Council looks towards downtown intersection improvements |

Council looks towards downtown intersection improvements

The Town of Truckee Council awarded a contract Monday to Eastern Sierra engineering to mitigate traffic congestion and improve pedestrian safety at the intersections of Bridge Street and Donner Pass Road and Bridge Street and East and West River Street.
Sierra Sun file photo

Officials are looking to make long-standing stop-and-go traffic congestion in downtown Truckee a thing of the past.

As development in Truckee expands with increasing levels of traffic to the downtown area, the town is assessing two main intersections and anticipates changes to increase pedestrian safety and mitigate higher traffic levels.

Bridge Street intersections at Donner Pass Road and East and West River Street are under review. According to a town staff report, both intersections are currently at the lowest level of operation due to stop-and-go conditions. However, the town has deemed the intersections acceptable, for now.

On Monday the council awarded a contract to Eastern Sierra Engineering for $608,635 to review the situation and draft an improvement plan. The project will also address the feasibility of establishing a quiet zone at the railroad crossing between the two intersections, which would eliminate the requirement of a train whistle when trains approach the crossing.

“Those intersections have been problematic for a very long time,” said Vice Mayor David Tirman.

“If you’re trying to control traffic you’ve already covered that,” said Truckee resident Jeanie McCarthy to council members. “We’ve spent too much money on this.”

Council Member Morgan Goodwin said that the money is not coming directly from the taxpayer general fund and will be paid for partly by the Union Pacific Railroad through traffic impact fees.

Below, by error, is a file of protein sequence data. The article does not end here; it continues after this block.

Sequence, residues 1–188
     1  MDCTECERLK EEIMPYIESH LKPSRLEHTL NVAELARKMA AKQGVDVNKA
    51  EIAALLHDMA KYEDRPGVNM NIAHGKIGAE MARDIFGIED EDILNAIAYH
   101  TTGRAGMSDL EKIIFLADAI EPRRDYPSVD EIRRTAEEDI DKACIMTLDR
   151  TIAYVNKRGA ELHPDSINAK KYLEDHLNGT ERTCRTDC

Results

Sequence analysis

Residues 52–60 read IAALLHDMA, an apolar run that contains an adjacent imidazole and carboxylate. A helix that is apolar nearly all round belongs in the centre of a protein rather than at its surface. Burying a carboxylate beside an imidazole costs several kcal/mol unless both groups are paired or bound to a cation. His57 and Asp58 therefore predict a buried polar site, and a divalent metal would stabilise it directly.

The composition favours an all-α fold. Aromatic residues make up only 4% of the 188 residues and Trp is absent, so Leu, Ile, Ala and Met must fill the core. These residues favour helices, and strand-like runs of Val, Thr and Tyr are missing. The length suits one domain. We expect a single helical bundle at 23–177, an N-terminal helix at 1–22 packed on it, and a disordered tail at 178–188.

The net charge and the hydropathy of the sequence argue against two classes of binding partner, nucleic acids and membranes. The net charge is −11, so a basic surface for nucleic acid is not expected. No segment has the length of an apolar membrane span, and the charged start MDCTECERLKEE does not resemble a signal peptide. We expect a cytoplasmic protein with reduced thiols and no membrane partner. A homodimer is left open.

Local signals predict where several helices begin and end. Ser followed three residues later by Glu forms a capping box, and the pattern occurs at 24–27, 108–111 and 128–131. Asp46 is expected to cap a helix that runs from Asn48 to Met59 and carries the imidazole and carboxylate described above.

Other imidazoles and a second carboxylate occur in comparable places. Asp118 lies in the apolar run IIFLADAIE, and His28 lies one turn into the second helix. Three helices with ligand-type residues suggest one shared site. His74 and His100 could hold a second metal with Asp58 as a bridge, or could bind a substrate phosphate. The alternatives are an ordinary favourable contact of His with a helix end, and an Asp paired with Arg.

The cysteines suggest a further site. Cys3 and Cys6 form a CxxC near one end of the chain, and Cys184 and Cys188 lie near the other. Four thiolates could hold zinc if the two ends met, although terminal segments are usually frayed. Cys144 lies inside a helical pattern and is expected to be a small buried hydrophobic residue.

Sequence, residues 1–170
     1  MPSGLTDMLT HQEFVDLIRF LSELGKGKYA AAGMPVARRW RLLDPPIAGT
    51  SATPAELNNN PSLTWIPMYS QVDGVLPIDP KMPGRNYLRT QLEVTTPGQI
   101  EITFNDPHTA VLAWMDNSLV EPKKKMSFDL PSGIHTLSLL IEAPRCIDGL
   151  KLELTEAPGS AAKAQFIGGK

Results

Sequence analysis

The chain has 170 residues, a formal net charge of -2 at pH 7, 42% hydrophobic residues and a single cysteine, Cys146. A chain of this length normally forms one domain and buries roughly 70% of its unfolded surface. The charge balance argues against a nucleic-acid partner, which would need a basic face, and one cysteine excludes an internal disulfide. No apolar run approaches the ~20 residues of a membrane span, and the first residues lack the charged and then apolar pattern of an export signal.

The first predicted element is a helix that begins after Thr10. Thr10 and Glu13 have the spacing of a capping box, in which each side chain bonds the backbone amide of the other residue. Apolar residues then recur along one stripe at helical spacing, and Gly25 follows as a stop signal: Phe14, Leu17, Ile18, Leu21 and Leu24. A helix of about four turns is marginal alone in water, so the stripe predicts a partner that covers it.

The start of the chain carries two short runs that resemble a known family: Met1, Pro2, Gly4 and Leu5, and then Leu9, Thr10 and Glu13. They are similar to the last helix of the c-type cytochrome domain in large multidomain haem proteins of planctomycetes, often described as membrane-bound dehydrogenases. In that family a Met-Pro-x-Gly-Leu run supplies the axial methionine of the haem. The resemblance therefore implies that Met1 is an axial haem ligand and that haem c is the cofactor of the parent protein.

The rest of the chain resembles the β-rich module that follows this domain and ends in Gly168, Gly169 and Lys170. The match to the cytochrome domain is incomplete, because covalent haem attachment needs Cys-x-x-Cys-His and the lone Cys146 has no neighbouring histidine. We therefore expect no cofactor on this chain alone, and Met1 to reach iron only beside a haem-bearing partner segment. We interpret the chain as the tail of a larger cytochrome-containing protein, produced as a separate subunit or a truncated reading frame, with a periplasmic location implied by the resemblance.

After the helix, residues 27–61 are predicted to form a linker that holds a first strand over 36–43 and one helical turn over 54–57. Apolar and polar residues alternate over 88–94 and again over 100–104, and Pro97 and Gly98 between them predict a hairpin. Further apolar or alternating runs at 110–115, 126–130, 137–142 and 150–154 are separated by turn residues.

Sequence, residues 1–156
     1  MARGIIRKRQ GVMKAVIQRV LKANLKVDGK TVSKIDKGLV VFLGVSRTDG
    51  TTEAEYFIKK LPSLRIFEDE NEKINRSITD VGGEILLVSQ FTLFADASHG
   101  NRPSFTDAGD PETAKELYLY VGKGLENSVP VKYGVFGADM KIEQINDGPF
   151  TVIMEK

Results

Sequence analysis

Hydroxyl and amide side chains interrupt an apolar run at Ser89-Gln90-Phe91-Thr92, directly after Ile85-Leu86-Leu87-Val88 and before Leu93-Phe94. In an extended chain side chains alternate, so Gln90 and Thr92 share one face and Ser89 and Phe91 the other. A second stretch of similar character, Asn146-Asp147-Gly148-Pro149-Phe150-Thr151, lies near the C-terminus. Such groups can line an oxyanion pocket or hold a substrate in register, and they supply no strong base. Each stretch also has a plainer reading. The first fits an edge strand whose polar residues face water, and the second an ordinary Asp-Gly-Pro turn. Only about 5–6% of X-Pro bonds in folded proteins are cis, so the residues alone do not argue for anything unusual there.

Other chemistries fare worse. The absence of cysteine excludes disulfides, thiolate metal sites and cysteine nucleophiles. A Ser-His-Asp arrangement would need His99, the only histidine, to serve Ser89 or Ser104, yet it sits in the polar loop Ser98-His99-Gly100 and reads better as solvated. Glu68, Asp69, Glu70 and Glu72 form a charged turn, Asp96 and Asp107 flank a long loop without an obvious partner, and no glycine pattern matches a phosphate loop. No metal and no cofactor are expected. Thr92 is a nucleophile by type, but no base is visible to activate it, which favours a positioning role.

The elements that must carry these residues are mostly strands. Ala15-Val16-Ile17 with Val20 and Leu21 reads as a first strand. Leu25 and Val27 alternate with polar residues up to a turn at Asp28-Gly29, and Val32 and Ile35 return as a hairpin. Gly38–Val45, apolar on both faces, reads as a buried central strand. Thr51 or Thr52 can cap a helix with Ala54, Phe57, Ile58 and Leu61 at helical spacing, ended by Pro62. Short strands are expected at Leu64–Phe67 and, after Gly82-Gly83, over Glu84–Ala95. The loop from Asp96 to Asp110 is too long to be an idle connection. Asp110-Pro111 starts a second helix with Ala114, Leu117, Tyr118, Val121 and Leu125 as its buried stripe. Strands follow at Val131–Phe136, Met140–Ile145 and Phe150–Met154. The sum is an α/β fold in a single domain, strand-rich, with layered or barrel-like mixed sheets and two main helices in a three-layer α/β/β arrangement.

“At the end of the day the focus of a project at this location is going to be more about pedestrian safety,” said Dan Wilkins, town engineer. He said the initial amount requested of $608,635 represents a worst-case scenario. “We didn’t want the contract to limit the creativity of contractors. I doubt we will use the entire amount,” he said.

Currently the traffic traveling northbound on Bridge Street does not stop, in order to keep the tracks clear.

“This makes crossing the street as a pedestrian unappealing, creating a gap in the connectivity between the downtown core and the railyard,” an Eastern Sierra Engineering report states.

The report suggests additional physical improvements would be needed to increase pedestrian safety and mitigate traffic congestion, including sidewalk installation on the east side of Bridge Street with a crosswalk across the tracks and the potential installation of roundabouts at the intersections.

By establishing a quiet zone at the train crossing, the town may need to install medians, four quadrant gates, and a vehicle detector.

At the town’s request, the company will study intersection functions and their changing traffic patterns. Contractors are expected to develop up to 20 conceptual layouts and visually render the top five to be presented at six public meetings. They plan to develop the top layouts by February of 2019.

Hannah Jones is a reporter for the Sierra Sun. She can be reached at or 530-550-2652.

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